Christmas Survival Skills

Reposted from the Toddler Guru blog by FCM Toddler House Teacher, Angie Ma

The holiday’s aren’t just stressful for adults. Remember, novelty is stressful for young children, too. That’s ok when we give children the tools to handle all of the business and stimulation of the holidays. If you have a toddler and you celebrate Christmas, remember these tips to keep the “NO!” out of Noel.


Sleep and Naps– The busiest time of year is not the time to skip naps or stay up late. If you find yourself breaking this cardinal rule, make sure you are still sticking to your regular bedtime routine.
Facetime- Spending time one-on-one when you are feeling present, relaxed and calm gives your child time to process his hectic day. You are his emotional anchor. Without face time, he’ll be adrift.


Don’t Deck Every Hall- Yes, a tree in the house is very fun, but it’s also completely disrupting your toddler’s sense of order. Order helps your child make sense of her world. Be careful about completely turning the house upside-down and avoid visual clutter, if possible. Try to keep space that is decoration free, especially your child’s space. Avoid overstimulation by limiting background noise in the home and turning off the television whenever possible. Purposeful tasks, like watering the Christmas tree helps your child integrate all of these new experiences.

Routine- Routine is also part of this sense of order. When the routine or house become chaotic, children (and adults) can react by becoming very rigid. In a rigid state, toddlers refuse to incorporate novelty, can’t easily transition to new situations and try very hard to control other people, which is why you might hear the defiant, “NO!” at every turn. Return to your regular structure at home, set clear limits, provide purposeful tasks, and connect through face time to find normalcy again.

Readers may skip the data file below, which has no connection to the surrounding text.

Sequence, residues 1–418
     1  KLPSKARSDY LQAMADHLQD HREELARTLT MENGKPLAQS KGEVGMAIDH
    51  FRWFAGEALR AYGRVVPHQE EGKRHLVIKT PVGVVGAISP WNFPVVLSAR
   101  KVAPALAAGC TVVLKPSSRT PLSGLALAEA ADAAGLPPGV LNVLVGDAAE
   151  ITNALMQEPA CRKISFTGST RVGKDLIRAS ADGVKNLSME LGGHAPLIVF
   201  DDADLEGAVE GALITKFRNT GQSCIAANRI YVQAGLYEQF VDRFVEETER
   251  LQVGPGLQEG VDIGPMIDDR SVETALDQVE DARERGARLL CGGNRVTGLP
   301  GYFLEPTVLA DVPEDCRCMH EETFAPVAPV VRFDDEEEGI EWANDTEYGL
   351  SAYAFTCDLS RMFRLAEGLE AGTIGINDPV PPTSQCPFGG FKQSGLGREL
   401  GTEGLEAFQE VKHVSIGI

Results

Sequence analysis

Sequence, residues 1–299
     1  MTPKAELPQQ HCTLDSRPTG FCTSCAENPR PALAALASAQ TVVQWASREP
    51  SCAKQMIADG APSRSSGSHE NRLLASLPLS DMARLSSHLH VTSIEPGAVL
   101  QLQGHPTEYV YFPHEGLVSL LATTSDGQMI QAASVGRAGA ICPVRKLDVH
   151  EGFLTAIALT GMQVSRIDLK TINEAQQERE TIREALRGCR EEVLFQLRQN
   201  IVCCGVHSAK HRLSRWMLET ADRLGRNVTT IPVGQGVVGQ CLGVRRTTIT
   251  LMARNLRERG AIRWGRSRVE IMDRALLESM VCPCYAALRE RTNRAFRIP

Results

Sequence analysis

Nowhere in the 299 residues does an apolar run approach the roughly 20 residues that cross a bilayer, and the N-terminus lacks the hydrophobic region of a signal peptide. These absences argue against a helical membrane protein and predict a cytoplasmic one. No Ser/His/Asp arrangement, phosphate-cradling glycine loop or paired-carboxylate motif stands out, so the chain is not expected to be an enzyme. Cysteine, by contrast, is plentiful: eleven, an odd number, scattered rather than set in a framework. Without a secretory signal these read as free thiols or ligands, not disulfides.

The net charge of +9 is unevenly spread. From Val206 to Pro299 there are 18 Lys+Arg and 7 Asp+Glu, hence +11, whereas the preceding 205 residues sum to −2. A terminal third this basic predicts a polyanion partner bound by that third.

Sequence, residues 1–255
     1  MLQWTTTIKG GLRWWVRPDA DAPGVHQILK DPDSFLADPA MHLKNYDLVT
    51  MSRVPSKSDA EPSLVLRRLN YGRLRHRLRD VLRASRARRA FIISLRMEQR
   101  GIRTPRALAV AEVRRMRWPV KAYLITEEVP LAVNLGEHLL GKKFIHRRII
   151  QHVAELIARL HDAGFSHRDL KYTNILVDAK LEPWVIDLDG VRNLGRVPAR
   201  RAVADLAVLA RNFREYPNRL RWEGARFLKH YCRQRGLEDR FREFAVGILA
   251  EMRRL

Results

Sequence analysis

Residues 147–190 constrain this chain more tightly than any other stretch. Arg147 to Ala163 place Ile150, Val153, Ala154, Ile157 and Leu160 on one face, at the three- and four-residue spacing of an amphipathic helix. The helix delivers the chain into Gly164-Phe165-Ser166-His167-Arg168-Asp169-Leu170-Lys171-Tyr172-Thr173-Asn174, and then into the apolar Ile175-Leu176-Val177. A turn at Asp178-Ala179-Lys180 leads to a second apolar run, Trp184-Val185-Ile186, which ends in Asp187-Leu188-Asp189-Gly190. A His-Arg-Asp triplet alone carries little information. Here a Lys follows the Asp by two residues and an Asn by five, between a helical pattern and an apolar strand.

What’s Up?- The holidays are full of new situations. You can set your child know what is going to happen and what you expect. For example, if a babysitter is coming so you can head out to the office Christmas party or you are going to invite your Child to sit on Santa’s lap he needs to know  ahead of time what is going on. If he is feeling emotional saying, “I see you are feeling sad. Sometimes it’s hard to say goodbye. You are going to have dinner, story time and bedtime and then I’ll be home. I’ll see you in the morning.” Calmy acknowledging his feelings, then offering a step-by-step explanation helps your child function during a challenging situation.


Holidays are often a time of excess. You often can’t control the amount of gifts, but your child won’t keep track of them all either. Put a few favorites out on the shelf and rotate the other gifts.

  • Toys without batteries, like wooden blocks, are a great choice.
  • Simplify some materials- An art set or even a box of crayons can be too much for your child to take care of independently. Try putting just two or three crayons in a small dish on a tray for drawing, a few pieces of chalk at the chalkboard or one or two pieces of clay on a tray. Have another tray with a few half-sheets of paper.